"What does a management consultant do exactly?" This is a question posed throughout Showtime's dark comedy series House of Lies, which stars Don Cheadle as Marty "The Con Man" Kaan, a "mad genius" at the consultant game who heads up a pod of cutthroat and kooky acolytes. Set in a world of luxury, fast dealings and unchecked depravity, the show seems like a modern-day Mad Man with Cheadle as its smooth and sexy Don Draper. However, while House of Lies is full of swagger and style, it's light on substance. In short, it's a show about sharks that never delves deep, instead staying in the shallow waters of shocks and sex.
Let's return for a moment to the question of what a management consultant actually does. In the show, they are brought in to a company to help smooth out crises, like a scandal over audacious holiday bonuses, sorting out controversial mergers or plans to expand a mega-church into a mega-mega-church. But Marty and his posse are at every turn opportunists, who care less about their unscrupulous clients and more about how to squeeze more money out of them. They are deplorable people who frequently dabble in double-dealing, sexual favors and flat-out lies to get what they want. But this is sort of the fun of House of Lies. It's flashy and slick with a devilish and comically oversexed audacity that makes it a scintillating delight.
The show is stocked with wild characters. There's Marty, who is fast on his feet whether he's wooing a client or romancing a stripper. Then there's his team, made up of Jeannie, a secretive and sharp ballbuster who only rolls her eyes at Marty's flirtations (Kristen Bell), Doug, an easily flustered kiss-ass (Josh Lawson), and Clyde, a crass and quipping bro-dude played by consummate scene-stealer Ben Schwartz (AKA Parks and Recreation's Jean-Ralphio).
At home, Marty lives with his retired psychiatrist father (Glynn Turman), who urges him to have patience with his 10-year-old son, Roscoe (Donis Leonard Jr.), a sweet boy who confounds his father with his penchant for wearing skirts, glittery tops, and pink flip flops. Though Roscoe's gender bending is a recurring plot point of the show—with Marty being fiercely protective of his son while still being confused by him—the boy is shown to be warm and well-adjusted. This is a welcome surprise since his dad is a duplicitous and his mom, Marty's ex-wife Monica (Dawn Olivieri), is introduced as a sociopathic pill-popper who not only still has occasional hate sex with her ex, but also is his top business rival.
As you can imagine, with characters like these, the plotlines should get pretty wild. They do, veering from Marty and Monica's love-hate relationship to the sexual skeletons in Jeannie's closet to Roscoe's fight for acceptance at school and attention at home. Unfortunately, these emotional arcs are often undercooked, as the weekly plot of business in crisis dominates each episode. Worse yet, these biz-centered stories are laden with jargon and fast turns that make them pretty hard to follow. To try to keep us up to speed with the fast-paced series, Marty often freeze frames the action and directly addresses the audience to fill them in on the whos, whats, whys and slang. However, when it comes to the plots resolution, this device is forgotten, and I apparently I lack the business savvy to understand the details of how the pod sank or swam in most ventures.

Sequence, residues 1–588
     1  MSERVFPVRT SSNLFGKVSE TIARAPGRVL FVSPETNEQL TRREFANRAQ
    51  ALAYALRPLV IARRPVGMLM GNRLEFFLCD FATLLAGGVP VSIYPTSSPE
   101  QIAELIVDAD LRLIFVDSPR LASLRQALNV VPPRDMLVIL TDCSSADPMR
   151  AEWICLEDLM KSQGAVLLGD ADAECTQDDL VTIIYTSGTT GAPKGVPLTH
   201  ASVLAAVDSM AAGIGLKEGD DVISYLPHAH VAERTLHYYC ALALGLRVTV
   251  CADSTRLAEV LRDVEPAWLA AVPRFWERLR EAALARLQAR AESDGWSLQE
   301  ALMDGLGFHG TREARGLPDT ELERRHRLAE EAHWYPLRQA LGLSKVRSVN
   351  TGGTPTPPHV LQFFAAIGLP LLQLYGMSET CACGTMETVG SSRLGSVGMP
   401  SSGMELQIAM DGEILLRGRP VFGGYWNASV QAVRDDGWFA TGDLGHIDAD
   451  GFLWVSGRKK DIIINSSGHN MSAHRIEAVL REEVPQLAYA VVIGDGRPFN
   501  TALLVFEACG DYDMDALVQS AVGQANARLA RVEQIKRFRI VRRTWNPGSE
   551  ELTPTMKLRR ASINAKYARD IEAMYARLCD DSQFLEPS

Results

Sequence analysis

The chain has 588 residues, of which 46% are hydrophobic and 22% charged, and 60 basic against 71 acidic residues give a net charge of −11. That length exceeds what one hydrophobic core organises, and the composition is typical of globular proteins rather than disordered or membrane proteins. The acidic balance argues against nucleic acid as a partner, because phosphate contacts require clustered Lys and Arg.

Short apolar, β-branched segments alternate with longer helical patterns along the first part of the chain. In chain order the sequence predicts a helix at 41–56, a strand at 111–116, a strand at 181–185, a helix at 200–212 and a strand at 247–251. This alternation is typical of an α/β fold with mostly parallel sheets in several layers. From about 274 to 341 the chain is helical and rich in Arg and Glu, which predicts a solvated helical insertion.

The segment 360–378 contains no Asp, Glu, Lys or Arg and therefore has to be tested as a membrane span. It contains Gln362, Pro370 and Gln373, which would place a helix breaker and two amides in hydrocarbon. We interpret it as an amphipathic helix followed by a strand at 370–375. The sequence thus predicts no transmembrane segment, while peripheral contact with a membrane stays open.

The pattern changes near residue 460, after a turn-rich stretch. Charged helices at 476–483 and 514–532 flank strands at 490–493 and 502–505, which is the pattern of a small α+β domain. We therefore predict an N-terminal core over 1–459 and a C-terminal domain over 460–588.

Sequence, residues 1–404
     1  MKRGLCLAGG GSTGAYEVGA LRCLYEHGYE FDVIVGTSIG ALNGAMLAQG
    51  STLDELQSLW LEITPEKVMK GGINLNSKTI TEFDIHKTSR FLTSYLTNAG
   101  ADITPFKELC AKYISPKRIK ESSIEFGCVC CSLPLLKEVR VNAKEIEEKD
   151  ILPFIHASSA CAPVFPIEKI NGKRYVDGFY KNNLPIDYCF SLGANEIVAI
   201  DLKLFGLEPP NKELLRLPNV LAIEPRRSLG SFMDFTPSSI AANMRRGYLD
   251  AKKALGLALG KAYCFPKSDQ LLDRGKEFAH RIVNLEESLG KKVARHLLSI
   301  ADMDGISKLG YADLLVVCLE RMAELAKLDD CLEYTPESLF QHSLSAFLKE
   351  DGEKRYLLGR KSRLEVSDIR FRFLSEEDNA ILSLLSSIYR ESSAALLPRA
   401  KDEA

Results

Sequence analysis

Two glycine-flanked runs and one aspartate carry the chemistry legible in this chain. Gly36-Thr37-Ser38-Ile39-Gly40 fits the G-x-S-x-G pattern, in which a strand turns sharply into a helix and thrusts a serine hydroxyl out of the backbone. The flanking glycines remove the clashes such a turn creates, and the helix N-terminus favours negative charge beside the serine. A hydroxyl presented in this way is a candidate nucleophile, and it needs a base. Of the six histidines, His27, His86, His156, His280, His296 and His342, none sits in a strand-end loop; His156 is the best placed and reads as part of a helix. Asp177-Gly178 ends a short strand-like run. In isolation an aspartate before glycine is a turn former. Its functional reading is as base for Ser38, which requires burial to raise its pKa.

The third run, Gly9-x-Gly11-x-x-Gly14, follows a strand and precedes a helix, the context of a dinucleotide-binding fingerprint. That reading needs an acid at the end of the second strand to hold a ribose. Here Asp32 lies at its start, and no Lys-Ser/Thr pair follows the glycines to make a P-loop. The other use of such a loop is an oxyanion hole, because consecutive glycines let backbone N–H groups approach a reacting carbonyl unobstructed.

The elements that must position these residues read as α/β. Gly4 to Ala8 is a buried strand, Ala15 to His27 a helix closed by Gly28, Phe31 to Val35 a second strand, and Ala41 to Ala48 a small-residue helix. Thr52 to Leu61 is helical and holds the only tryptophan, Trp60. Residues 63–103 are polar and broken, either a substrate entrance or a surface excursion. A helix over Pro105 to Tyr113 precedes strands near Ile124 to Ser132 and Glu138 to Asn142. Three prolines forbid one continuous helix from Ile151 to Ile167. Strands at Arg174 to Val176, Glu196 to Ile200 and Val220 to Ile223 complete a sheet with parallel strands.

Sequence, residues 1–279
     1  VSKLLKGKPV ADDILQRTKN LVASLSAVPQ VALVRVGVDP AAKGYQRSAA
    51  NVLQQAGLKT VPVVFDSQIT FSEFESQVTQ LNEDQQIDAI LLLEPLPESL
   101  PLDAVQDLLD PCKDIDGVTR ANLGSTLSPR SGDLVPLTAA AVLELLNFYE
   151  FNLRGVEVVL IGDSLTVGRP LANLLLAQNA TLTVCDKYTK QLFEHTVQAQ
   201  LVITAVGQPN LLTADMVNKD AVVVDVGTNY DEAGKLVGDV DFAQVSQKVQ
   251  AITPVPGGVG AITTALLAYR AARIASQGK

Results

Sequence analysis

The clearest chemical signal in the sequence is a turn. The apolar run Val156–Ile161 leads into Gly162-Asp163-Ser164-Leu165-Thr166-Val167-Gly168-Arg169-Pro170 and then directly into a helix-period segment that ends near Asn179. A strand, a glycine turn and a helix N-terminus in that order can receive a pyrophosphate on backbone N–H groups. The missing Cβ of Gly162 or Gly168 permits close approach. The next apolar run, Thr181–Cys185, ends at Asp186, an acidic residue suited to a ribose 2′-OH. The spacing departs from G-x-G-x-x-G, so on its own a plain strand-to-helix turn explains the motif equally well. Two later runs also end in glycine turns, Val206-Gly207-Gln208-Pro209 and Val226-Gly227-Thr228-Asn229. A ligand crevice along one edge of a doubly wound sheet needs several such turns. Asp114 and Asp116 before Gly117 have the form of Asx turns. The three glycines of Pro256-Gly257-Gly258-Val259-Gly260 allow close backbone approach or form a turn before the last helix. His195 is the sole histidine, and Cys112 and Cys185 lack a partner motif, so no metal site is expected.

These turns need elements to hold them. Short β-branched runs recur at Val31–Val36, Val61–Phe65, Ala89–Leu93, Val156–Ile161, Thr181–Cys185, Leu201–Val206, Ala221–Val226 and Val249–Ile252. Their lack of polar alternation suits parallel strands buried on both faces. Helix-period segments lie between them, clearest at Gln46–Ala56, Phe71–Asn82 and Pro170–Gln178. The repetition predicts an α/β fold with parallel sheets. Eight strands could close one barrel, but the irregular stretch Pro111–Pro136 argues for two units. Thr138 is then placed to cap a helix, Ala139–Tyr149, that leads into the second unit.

Another element that doesn't quite click is the sexual chemistry between Cheadle and Bell. While both are undoubtedly attractive and seductive—especially when shown in their undies—anytime they flirt, it feels forced. The series seems to be setting them up to be its Sam and Diane, but the dynamic just doesn't work. As destructive and demented as she is, Olivieri's Monica is far more electric with Cheadle's Kaan, so I found myself rooting for them to reunite, if only for the liveliness of their severely fucked up sex scenes. (Amsterdam!)
Ultimately, House of Lies' first season shows some interesting avenues and intriguing characters, and offers plenty of panache and punch lines. But its business plotlines aren't written for the average viewer to follow and its character arcs are underwritten, leading to climactic moments that don't always land. Still, the cast is staffed with solid performers who are undeniably entertaining in full-on swagger mode. In short, Season 1 is a good show, but not a great one.
When it comes to the attributes of the DVD set itself, the picture and audio quality is great, but the special features are lackluster. There are brief interviews with Cheadle and Bell, featurettes exploring the character of Marty Kaan and his mysterious boss Marco "The Rainmaker" Pelios, cast bios, and a photo gallery. None of these are terribly interesting or insightful. There are also two commentary tracks—one for the pilot and one for the finale—feature Cheadle, Lawson, and Schwartz (but no Bell) as well as writer Matthew Carnahan and executive producer Jessika Borsiczky. These are more jovial than informative, with the commentators jokingly overhyping their contributions to the show's creation and teasing each other. But be warned, you won't find these tracks in the special features portion of the menu. Oddly fitting, it's far more convoluted than that. Instead, go to the Setup option, select the commentary track in the audio setup menu. Then return to the Episode Selection menu and select the corresponding episode. You're welcome.
Length: 347 minutes
Distributor: Showtime Ent.
Release Date: December 18, 2012
Starring: Don Cheadle, Kristen Bell, Ben Schwartz, Josh Lawson, Dawn Olivieri
Directed by:Stephen Hopkins
Created by: Matthew Carnahan
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